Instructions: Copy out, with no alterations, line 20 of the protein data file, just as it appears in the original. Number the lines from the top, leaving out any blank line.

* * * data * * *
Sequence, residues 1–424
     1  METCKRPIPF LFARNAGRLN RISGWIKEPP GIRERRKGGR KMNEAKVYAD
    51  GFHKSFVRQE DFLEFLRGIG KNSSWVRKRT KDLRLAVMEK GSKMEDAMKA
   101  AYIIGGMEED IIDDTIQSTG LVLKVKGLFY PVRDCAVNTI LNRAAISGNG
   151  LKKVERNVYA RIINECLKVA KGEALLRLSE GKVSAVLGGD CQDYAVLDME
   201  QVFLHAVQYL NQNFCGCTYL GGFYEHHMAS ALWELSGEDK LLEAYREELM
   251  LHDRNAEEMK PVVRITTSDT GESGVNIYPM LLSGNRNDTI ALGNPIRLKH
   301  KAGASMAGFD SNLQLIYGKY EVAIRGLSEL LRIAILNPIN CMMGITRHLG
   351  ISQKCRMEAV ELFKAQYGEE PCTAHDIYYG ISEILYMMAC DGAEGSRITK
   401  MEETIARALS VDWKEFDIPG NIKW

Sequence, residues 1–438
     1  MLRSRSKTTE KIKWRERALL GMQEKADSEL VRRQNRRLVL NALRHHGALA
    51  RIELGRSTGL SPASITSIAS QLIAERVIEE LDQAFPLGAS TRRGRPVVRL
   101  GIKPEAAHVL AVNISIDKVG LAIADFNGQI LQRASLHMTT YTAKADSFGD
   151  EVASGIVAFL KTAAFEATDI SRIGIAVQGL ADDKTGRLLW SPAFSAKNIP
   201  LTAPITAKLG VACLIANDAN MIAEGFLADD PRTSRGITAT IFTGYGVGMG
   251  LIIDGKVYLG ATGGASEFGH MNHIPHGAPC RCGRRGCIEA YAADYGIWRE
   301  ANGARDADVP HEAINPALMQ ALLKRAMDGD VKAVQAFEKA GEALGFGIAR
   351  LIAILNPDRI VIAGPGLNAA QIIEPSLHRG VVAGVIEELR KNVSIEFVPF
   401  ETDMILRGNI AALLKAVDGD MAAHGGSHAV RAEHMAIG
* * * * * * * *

   401  ETDMILRGNI AALLKAVDGD MAAHGGSHAV RAEHMAIG